Private funds set to benefit from trade finance drought – report

A series of problems have driven banks away from financing global trade.

Banks are pulling out of trade finance in response to the covid-19 pandemic, which could offer opportunities for investors, according to a report from Bfinance.

Until recently, just 15 banks were responsible for more than 90 percent of trade finance transactions. However, in August ABN Amro announced it was halting new trade finance loans, following similar moves by BNP Paribas and Société Générale to pull back from the market.

Covid-19 has had a huge impact on commodity markets and global trade, but trade finance has also suffered other problems. A key reason for ABN Amro’s decision to suspend new loans was a wave of scandals relating to fraudulent activity by high-profile traders, according to Bfinance. Troubles in oil markets have further exacerbated the pressures on banks in the trade finance market.

However, for institutional investors, the market could offer a solution to long-term low interest rates due to its short-dated, asset-backed and yield-generating profile, the report said.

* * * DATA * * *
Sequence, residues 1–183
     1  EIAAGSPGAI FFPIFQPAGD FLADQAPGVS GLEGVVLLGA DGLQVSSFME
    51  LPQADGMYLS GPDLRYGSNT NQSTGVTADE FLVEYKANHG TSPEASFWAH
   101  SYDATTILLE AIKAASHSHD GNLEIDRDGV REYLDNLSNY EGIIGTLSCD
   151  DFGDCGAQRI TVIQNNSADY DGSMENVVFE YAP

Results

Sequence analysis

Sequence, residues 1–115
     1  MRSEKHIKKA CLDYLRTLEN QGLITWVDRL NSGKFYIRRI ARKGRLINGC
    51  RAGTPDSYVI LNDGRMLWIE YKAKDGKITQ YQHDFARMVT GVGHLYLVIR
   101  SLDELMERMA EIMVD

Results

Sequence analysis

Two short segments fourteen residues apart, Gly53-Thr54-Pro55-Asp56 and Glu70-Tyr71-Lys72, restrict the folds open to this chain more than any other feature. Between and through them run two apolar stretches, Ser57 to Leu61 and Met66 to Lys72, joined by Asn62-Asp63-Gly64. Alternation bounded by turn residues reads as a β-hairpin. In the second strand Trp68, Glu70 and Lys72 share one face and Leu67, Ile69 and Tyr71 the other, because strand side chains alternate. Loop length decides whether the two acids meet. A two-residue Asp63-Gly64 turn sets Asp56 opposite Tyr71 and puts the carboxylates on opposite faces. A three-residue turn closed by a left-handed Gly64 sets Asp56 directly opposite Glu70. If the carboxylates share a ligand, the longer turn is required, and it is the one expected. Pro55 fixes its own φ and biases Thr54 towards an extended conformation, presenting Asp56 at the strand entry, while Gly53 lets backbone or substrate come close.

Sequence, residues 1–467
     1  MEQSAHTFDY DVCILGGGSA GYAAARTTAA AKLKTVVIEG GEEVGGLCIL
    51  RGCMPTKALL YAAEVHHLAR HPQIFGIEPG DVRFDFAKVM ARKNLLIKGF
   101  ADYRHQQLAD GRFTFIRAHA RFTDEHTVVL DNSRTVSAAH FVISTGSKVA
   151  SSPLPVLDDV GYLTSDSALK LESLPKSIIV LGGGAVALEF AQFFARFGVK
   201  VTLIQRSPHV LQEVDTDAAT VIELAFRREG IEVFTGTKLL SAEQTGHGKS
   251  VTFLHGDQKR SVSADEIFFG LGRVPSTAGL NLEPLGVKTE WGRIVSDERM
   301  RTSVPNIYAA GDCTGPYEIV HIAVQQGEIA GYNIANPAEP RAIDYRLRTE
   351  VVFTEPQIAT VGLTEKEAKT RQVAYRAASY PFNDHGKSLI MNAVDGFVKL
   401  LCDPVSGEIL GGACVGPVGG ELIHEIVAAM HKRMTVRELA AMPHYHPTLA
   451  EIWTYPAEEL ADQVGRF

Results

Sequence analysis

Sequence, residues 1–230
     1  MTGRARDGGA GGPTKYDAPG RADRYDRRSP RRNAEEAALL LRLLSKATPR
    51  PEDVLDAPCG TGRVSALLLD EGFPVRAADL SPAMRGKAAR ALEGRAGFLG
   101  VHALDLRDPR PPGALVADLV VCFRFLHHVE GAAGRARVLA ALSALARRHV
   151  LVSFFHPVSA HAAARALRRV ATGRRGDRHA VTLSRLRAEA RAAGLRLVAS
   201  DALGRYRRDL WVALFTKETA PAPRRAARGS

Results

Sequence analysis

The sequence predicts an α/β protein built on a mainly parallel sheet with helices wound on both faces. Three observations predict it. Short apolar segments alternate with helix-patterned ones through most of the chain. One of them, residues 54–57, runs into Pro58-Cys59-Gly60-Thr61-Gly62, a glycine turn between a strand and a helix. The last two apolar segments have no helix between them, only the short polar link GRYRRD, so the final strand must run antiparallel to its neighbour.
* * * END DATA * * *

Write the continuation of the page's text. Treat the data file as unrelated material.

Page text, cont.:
A survey of bankers found 72 percent believe there is a shortage in servicing of trade finance needs globally, with particular problems in financing trade in Asia and Western Europe. Bfinance said this means well-placed institutional investors and asset managers will have an opportunity to acquire high-quality borrower relationships and be able to acquire higher yields than they could prior to the pandemic.

“The scope of new opportunities is likely to be considerable: small and medium-sized borrowers or those without investment grade status are likely to be particularly affected by the more constrained climate, but large, highly rated firms will also be changing and diversifying their bank and non-bank trade finance relationships,” the report said.